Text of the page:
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Special needs trusts (SNTs) can be extremely useful tools to provide supplemental income to an individual who needs special care but lacks the funds to pay for it. With proper utilization of an SNT, an individual can receive disbursements from the trust without affecting their eligibility for Supplemental Security Income (SSI), Medicaid, and other needs-based governmental programs. SNTs must be well-crafted to be effective and not carry unintended consequences. There are both advantages and drawbacks to their usage.
Continue reading for a discussion of the advantages and disadvantages of special needs trusts in Florida. If you are considering whether to establish an SNT for yourself or a loved one, call an experienced West Palm Beach special needs trust attorney for advice and assistance.
The principal purpose of a special needs trust is to grant supplemental income to a person with special needs without affecting the beneficiary’s eligibility for SSI, Medicaid, and other government programs. The settlor can set up the trust to disburse funds for a family member or other loved one with a disability, allowing trust funds to give the beneficiary an easier and more pleasant life. These disbursements, if utilized properly, will not affect whether or how much SSI the beneficiary can receive or whether they qualify for other programs.
Special needs trust funds can be used to pay for a wide range of non-essential items, including but not limited to:
Essentially, special needs trust funds can be used to pay for anything that is not an essential life good (food, water, electricity, rent, gas, mortgage, property taxes, etc.). If trust funds are used to pay for any of these essential items, the SSA will treat those payments as “in-kind support and maintenance” (ISM), which will be counted against the beneficiary in calculating their SSI award and eligibility for other programs.
In addition to the principal use of SNTs, they provide several additional benefits. SNT funds are tax-deductible, keeping more money in the family. Moreover, because the trust assets are technically owned by the trust and not by the settlor or the beneficiary, those funds are not available to creditors or attachable for paying judgments. The money can only be used to provide for the person with a disability.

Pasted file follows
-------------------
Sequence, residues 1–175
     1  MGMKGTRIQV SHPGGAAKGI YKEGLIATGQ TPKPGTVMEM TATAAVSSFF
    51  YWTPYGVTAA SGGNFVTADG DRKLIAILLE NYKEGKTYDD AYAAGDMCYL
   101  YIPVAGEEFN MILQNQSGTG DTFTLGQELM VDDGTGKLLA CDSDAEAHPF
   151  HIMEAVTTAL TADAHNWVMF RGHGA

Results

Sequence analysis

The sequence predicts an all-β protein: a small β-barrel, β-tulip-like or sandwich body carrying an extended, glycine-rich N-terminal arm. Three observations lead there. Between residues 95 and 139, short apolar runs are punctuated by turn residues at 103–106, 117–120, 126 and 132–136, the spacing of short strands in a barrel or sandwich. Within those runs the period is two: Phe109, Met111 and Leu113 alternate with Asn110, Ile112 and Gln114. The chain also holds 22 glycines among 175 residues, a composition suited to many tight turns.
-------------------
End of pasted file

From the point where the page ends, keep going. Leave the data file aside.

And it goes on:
Special needs trusts can be extremely helpful to offer supplementary income to people with special needs without affecting their ability to qualify for SSI, Medicare, and other needs-based programs. These trusts do come with certain drawbacks.
Creating an SNT is not free. The trust must be maintained, and yearly management costs can be high. Depending on who manages the fund, there may be a minimum amount required to set up the trust. It may be financially difficult for the settlor to actually establish the trust, depending upon their circumstances.
Beneficiaries may also object to the nature of the trust. The funds belong to the trust, not to the beneficiary. The beneficiary does not have the right to pull out funds and use them as they see fit. Instead, the beneficiary must request funds from the trustee, who will then evaluate whether the request is appropriate and serves the purpose of the trust. SNTs thus come with a certain lack of independence that some people may find grating.
SNTs can also trigger a Medicaid payback. When the trust ends, either because the beneficiary dies or the trust is legally terminated, Medicaid may demand payback for amounts used to provide care for the beneficiary. Ultimately, Medicaid may take all the funds that remain in the trust upon its conclusion.
Ultimately, whether an SNT is right for you and/or your loved one depends upon your circumstances, your needs, and your desires. Talk to a seasoned special needs trust and Medicaid planning attorney to discuss your options and whether an SNT is optimal for your situation.
A Medicaid planning and special needs trust attorney at Shalloway & Shalloway can help protect your family, creating an estate and special needs plan suited for the needs and circumstances of your family. We will evaluate your situation to determine the best type of will, trust, or other legal tools that will benefit your family the most. Contact the diligent and thorough West Palm Beach estate planning attorneys at Shalloway & Shalloway at 561-686-6200.